BLUFFDALE — There are some plays and musicals that are simply classics. These triumphs of the stage have entertained audiences for generations with plots and characters that have stood the test of time. Arsenic and Old Lace is one of those plays. Written in 1941, this dark comedy by Joseph Kesselring still brings the laughs even today. Fortunately, Utah audiences can see this timeless show at the Bluffdale Arts Advisory Board’s new production at the outdoor theater in the Bluffdale City Park. I have seen many versions of this play and always enjoyed it, and the Bluffdale show is no exception. To make it even better, this production is free!

Show closes July 11, 2022.

Arsenic and Old Lace tells the story of Mortimer Brewster, a theatre critic, who comes to realize his family is composed of only murderous insane individuals, including his seemingly sweet aunts: Abby and Martha. The aunts have convinced themselves they are doing the right thing by poisoning lonely older men who come to them looking for a room they have for rent. When Mortimer finds out about this he is of course shocked, but they do not see anything wrong. They give them a proper funeral service, after all. Adding to the antics is Mortimer’s two brothers: Teddy (who believes he is President Theodore Roosevelt) and Jonathan (who has had plastic surgery so he looks like the actor Boris Karloff).

In Bluffdale’s production the casting goes a long way to making things work. Spencer Fox is great as Mortimer, capturing the physical comedy of the role very well. Jonah Elsberry is also fantastic as Jonathan. He gets that creepy Karloff voice down so well that he always made me laugh. Alaina Stone and Rebekah Christensen are also just the right mixture of naivety and sweetness to play Abby and Martha respectively.

As a theatre critic, it was fun watching a show where the lead character, Mortimer, is a theatre critic. Kesselring, who wrote 12 plays was undoubtedly throwing some shade on the theater critics of his day, but then he also takes digs at playwrights when one of the police officers, Officer O’Hara (played by Coy Christensen), drones on for hours about the play he is pitching to Mortimer while oblivious to the chaos surrounding him. The script also makes fun of the tropes in mystery novels/plays, with Mortimer complaining about the play he has seen where a preposterous murder mystery occurs while Jonathan acts out that very scene beat for beat around him. It is a hilarious that the actors pull off well.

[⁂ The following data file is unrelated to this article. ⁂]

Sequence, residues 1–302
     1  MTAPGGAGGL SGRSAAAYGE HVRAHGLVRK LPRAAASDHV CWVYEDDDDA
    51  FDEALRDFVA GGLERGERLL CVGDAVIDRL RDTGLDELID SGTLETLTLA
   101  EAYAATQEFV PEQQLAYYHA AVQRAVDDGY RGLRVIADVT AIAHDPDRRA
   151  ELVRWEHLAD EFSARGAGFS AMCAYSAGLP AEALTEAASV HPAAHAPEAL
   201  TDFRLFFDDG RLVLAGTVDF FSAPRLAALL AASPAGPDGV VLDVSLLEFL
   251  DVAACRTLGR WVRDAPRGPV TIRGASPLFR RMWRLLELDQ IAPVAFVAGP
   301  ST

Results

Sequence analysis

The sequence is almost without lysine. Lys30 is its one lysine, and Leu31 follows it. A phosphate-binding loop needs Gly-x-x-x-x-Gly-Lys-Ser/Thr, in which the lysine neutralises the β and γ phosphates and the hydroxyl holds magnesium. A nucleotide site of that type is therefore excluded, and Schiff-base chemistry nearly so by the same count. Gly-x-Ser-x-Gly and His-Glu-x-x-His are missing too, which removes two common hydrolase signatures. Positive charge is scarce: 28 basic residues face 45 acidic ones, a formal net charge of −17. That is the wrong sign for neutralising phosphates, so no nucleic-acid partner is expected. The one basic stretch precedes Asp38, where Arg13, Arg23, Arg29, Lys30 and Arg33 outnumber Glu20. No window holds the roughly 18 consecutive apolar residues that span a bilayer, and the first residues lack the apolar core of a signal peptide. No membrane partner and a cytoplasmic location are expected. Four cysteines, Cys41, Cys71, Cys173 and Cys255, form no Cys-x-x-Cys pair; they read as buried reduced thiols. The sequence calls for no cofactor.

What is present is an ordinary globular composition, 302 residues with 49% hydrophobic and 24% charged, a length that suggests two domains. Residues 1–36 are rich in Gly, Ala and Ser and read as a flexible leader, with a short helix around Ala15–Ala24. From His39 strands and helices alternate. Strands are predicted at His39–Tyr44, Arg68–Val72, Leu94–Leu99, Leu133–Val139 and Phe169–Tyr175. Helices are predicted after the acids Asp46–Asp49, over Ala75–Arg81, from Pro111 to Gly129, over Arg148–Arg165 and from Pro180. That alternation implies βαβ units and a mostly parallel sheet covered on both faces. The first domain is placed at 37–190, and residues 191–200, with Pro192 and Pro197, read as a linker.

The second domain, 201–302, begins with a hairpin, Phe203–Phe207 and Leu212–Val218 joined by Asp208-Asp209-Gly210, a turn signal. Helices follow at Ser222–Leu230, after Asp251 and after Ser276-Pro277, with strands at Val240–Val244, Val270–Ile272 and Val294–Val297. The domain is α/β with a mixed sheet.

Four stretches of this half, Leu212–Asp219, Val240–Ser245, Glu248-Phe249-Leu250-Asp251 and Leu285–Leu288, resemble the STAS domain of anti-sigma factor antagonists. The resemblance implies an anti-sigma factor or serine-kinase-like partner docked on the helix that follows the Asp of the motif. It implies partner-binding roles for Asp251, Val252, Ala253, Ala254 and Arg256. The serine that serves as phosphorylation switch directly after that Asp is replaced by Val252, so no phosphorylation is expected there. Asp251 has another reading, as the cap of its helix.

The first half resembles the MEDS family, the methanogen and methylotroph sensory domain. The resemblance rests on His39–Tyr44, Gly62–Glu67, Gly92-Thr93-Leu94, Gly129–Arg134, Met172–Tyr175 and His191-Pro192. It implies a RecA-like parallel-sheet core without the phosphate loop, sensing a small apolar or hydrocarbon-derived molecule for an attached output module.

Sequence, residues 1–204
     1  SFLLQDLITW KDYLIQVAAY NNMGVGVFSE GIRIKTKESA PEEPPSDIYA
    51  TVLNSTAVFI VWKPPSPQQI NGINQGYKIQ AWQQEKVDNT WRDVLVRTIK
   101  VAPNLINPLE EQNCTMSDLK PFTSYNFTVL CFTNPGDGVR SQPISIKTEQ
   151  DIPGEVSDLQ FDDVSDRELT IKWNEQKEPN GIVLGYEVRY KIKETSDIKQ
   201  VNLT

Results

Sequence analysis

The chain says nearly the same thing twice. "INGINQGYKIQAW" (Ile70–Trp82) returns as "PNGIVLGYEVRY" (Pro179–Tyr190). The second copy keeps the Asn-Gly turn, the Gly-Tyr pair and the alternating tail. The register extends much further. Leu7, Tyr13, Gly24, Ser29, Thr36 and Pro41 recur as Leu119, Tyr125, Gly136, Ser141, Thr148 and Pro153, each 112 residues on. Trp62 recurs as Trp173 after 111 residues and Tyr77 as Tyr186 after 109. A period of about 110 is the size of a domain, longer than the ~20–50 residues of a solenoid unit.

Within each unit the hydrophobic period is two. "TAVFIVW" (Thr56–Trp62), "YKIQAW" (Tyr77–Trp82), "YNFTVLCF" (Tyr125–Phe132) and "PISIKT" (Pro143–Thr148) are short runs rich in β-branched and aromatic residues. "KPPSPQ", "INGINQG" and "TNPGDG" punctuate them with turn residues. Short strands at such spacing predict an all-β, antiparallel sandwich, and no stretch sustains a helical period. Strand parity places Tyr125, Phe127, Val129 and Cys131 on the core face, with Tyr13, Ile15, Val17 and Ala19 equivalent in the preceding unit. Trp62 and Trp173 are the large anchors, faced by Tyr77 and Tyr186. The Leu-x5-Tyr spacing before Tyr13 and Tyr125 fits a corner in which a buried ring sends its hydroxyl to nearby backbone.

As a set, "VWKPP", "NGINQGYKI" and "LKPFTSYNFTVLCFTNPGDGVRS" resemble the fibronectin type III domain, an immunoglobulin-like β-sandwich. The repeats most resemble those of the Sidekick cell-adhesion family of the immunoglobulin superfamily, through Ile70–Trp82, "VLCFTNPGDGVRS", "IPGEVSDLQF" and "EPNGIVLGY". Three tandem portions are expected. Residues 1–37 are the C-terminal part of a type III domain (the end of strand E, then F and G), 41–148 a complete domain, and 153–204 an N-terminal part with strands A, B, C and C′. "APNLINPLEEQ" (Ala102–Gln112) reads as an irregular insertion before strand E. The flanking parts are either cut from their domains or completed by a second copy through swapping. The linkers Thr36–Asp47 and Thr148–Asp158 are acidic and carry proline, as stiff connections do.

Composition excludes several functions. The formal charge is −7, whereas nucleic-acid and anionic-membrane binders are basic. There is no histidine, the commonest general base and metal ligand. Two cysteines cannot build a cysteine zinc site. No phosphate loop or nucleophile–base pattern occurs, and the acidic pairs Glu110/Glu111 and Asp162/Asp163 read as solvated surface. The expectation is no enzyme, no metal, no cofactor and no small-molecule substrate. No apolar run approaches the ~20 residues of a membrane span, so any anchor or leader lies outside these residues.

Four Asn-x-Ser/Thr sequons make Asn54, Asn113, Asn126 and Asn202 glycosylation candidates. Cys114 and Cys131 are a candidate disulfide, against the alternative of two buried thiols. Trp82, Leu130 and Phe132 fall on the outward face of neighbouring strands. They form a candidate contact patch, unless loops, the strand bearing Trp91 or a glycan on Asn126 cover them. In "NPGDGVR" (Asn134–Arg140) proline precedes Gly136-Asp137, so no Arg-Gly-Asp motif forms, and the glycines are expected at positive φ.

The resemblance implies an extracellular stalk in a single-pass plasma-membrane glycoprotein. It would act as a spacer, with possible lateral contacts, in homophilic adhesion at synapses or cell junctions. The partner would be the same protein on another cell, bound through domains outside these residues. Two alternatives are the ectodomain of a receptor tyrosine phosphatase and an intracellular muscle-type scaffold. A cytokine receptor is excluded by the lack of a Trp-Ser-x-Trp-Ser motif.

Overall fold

Director Julie Fox has brought out the best in her actors getting them to perform with an energy needed for the play’s absurd comedy. I was also impressed with the two-story set (designed by Laura and Chuck Garner) with a long staircase to the upstairs and a basement door leading to the “Panama Canal” where Teddy buries the aunts’ victims or “yellow fever patients.” Every time Teddy (played by Ben Clawson) charged up the stairs with his trumpet and saber crying “charge,” it brought me to stitches.

Bluffdale City Park theater is an outdoor theater, and so audience members should dress for the weather and bring plenty of water. The audience can either take one of the chairs set up for them or bring their own chairs and blankets and sit on the lawn. This makes for a nice community event, and is nice that the group provides free water, popcorn and snow cones during the 10 minute intermission.

The sound quality and microphones can make a big difference in an outdoor production, but sound engineer Ralph Dabling makes sure the audience can always hear what the actors are saying. The costumes by Elizabeth Lines, Chelsea Ottoson, and Laura Garner (especially for Teddy and the Aunts), are exactly what this story requires.

One issue with the script is that the gimmick of the sweet aunts and crazy brother Jonathan runs out of steam after a while, and at times I wished the show moved faster. This is not a critique of the actors or director in Bluffdale, but of Kesselring’s script. After the 2-hour mark, the shenanigans are starting to feel repetitive.

Nevertheless, a play does not stick around for over 80 years without having a lot going for it, and that’s the case with Arsenic and Old Lace. It is a very funny dark comedy, and the production at Bluffdale is highly entertaining. With free admission, the play is a great way to introduce a family to the theater. And how many plays offer great entertainment and a free snow cone? There is one more chance to see Arsenic and Old Lace at Bluffdale City Park. Don’t miss all the morbid fun!

The Bluffdale Arts Advisory Board production of Arsenic and Old Lace plays nightly (except Sundays) through July 11 at Bluffdale Park (14400 South 2240 West, Bluffdale). Admission is free. For more information, visit

These reviews are made possible by a grant from the Salt Lake County Zoo, Arts, and Parks program.